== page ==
Background on 401k Eligibility
Prior to the passage of the SECURE Act, employers could exclude long-term part-time employees (LTPT employees) that worked fewer than 1,000 hours per year from employer 401k contributions. This was done by implementing a one year of service waiting period requirement. The “one-year service” was defined as a 12 consecutive month period where the employee worked at least 1,000 hours.
How 401k Eligibility Changes with The SECURE Act
The SECURE Act was signed into law on December 20, 2019, and included a series of provisions, one of which expands access to workplace retirement plans to LTPT employees. The Act makes the most restrictive eligibility requirements (as noted above) less restrictive, for plan years beginning after December 31, 2020.
Beginning January 1, 2021, employers must allow LTPT employees to participate in the plan for 401(k) employee deferral purposes only once they have:
- Attained age 21, and
- Worked 3 consecutive 12-month periods, working at least 500 hours of service in each of those periods.
What Should Employers Do Differently?
Since 2021 is the first plan year to be affected, it will be important that employers have a mechanism in place on January 1 to note and record the hours that part-time employees work throughout the year. Then, three years from now, the employer will know which part-time employees are eligible to participate in the plan on January 1, 2024. This would include all part-time employees that are at least age 21 and have worked at least 500 hours in 2021, 2022, and 2023.
Additionally, employers should be aware of how this impacts other provisions in their retirement plans.
Employer Contribution vs. Eligibility Requirements
As mentioned earlier, the change only affects eligibility for employee 401(k) salary deferral contribution purposes. The LTPT employees will not be eligible for the employer contributions made to the plan (Safe Harbor, Profit Sharing, Matching, or Top-heavy minimums) until they satisfy the defined eligibility requirements contained in the employer plan document (i.e. attainment of age 21 and completion of one year of service). That said, the employer may include these employees in employer contributions if they so choose. But it should be noted that if they are included in the employer contribution, the vesting requirements will then be impacted as described below.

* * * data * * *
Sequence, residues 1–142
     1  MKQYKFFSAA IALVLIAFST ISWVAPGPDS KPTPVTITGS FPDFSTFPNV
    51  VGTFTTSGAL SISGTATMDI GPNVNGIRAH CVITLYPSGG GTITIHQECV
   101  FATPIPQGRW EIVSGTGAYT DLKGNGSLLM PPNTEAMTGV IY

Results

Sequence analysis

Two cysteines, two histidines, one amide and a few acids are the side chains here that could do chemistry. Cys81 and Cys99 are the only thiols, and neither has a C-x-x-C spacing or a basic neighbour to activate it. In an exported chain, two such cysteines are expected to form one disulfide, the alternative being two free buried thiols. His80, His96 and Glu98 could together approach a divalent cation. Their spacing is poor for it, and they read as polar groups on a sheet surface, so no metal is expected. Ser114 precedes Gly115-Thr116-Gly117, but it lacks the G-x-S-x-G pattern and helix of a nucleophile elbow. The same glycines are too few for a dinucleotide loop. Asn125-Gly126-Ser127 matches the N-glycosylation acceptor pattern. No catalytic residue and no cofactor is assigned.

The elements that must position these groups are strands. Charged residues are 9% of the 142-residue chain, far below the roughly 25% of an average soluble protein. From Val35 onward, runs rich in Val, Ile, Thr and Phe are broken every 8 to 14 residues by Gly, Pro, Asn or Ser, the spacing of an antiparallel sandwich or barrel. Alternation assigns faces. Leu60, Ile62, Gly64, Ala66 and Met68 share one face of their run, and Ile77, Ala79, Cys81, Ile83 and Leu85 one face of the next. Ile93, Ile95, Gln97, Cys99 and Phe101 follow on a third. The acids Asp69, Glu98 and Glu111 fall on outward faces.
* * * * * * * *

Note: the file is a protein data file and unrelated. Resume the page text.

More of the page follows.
New Vesting Requirements
IF the employer chooses to include this group of employees in the employer contributions, the employer cannot require 1,000 hours of service for this group of employees to accrue a year of vesting service. Instead, the LTPT employees will accrue a year of vesting service for each year during which they have worked at least 500 hours’. The reduced hours requirement for vesting purposes will only apply if the employees have entered the plan solely due to the LTPT employee SECURE Act provision AND, again, only if the employer chooses to include this group of employees in the employer contributions.
It is also important to note that these employees will not negatively impact testing because they will not be included in the annual nondiscrimination testing. That means even though they are allowed to make deferrals, they will be disregarded for Coverage, ADP, ACP, and 401(a)(4) testing.
As life events and stages demand adjustments to your financial plan, SYM’s mission is to proactively attend to your financial realities as your advocate so that you can focus on relationships and enjoying life. To have SYM Financial Advisors work for you in Midland, Fort Wayne, Mishawaka, Warsaw, and Indianapolis areas call 800-888-7968 or email email@example.com.